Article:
It will make little sense to Millennials, but in the mid-1980s one had to travel to an arcade (while carrying a pocket full of quarters) to play one's favorite video game. The university arcade had all the games: Pac-Man, Tron, Donkey Kong, pin-ball machines, foosball. Whatever your taste, it was there for a quarter.

And I spent my quarters on Commando.

Super Joe, the soldier who kicks ass and takes names in the world of Commando, gets airdropped into the jungle and has to shoot and grenade his way past enemy soldiers to complete his mission. Commando progressed through increasingly difficult levels. Players became experts at Commando by playing it over and over again, learning from each failure to advance another level.

The formula was always the same: Drop a quarter, get shot and lose a Super Joe, remember the pattern of the enemy specific to that level and space, drop another quarter and don't make the same mistake again.

I spent a lotta time as Super Joe. I recall once skipping a History final exam so that I could keep riding the great game I was having. (Like I said, I wasn't the most dedicated of students.)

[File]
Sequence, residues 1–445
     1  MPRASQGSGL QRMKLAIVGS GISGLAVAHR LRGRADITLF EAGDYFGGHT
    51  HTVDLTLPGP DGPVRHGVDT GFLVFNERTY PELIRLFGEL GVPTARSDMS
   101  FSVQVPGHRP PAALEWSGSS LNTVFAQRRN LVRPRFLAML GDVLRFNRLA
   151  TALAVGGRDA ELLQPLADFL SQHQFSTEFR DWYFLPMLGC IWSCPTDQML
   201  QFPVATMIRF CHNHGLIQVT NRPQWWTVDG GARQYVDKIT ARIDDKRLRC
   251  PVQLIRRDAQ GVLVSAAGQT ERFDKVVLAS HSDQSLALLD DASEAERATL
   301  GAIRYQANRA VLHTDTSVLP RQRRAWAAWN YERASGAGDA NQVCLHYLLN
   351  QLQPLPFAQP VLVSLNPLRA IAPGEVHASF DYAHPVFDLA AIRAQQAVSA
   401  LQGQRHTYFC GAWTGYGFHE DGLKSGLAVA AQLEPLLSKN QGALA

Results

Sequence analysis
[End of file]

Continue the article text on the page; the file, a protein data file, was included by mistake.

Edge Of Tomorrow reminded me of those days as an undergraduate, plopping in quarter after quarter for a new Super Joe. Major William Cage, the character played by Tom Cruise, lives the last 48 hours of his life hundreds of times as he tries to save the planet from an alien invasion. Learning from each experience, Cage lives, dies, and repeats until he finally gets it right. The flick was surprisingly fun to watch. Dramatic and complete with appropriate moments of humor, Edge Of Tomorrow kept my attention and had me craving more.

I'm just thankful I didn't have to miss a History final exam to watch it.

A Million Ways To Die In The West